FRANKFURT (Reuters) - German engineering and services group Bilfinger has started the sale of its construction business as it moves away from a business model vulnerable to price wars in the building sector, sources familiar with the transaction said.
Investment bank Rothschild, which is organizing a possible deal of around 200 million euros ($272.3 million), has sent the first information packages to potential buyers, the sources said. Initial bids will probably be due in July, the sources said.
Bilfinger is looking for possible buyers among construction and engineering companies such as Strabag, Porr, Skanska, Vinci and Bouygues, the sources added.
Bilfinger, Rothschild and the potential bidders declined to comment.
Bilfinger wants to focus on providing higher-margin engineering and services for industrial facilities, power plants and real estate. It said earlier this month it planned to sell a significant part of its construction business within a year.
The division - heavily exposed to Germany and other European countries - builds steel bridges, tunnels, subways and urban rail lines as well as noise protection walls. In the field of energy, it makes foundations for offshore wind parks and overhead power lines.
While selling activities with 800 million euros in sales, Bilfinger is keeping smaller construction businesses such as those involved in the offshore wind and power grid sectors.
Strabag Chief Executive Thomas Birtel said recently that Strabag would look at the asset, adding that a potential bid would probably not be very competitive due to the large overlap of the businesses between the two firms.Vinci Chief Executive Xavier Huillard has said the group is targeting acquisitions mainly in construction of airports, but also in specialized civil engineering and for the oil and gas industry.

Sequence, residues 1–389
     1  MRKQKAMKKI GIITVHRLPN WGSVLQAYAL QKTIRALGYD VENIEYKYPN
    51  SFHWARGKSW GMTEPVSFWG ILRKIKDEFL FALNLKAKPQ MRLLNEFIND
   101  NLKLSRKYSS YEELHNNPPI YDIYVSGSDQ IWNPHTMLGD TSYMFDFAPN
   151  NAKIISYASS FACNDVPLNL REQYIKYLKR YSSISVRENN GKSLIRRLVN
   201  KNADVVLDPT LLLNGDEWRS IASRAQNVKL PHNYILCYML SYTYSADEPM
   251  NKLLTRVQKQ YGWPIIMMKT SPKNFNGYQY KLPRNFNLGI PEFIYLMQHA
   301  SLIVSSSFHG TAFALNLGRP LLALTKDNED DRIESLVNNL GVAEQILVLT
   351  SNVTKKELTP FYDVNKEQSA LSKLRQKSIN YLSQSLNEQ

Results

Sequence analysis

Bilfinger’s construction unit posted EBITA (earnings before interest, tax, depreciation and amortization) of 1 million euros in 2013, compared with 25 million euros the year before, hit by its loss-making German road construction unit and Polish construction business.
The company sold the German unit in the fourth quarter last year and has said it is overhauling the Polish business.
While Germany’s residential construction market has picked up in the past year, construction of public-sector commercial properties has been broadly flat.
Analyst Gianmarco Bonacina of Equity SIM Research said he expected Bilfinger to sell the unit at a value equivalent to 30 percent of its sales.
“I currently assume that Bilfinger could sell the business for an enterprise value of 240 million euros,” he said.
Bankhaus Lampe analyst Marc Gabriel said he estimated the enterprise value of the construction division - including the parts that Bilfinger is keeping - at 255 million euros, based on 2015 estimated earnings before interest and tax (EBIT) of 41 million euros.
A third analyst, who declined to be identified, said he estimated the sale to reap net proceeds of around 100 million euros.
Additional reporting by Marilyn Gerlach in Frankfurt, Gilles Guillaume in Paris, Sven Nordenstam in Stockholm, Angelika Gruber and Georgina Prodhan in Vienna; editing by Jane Baird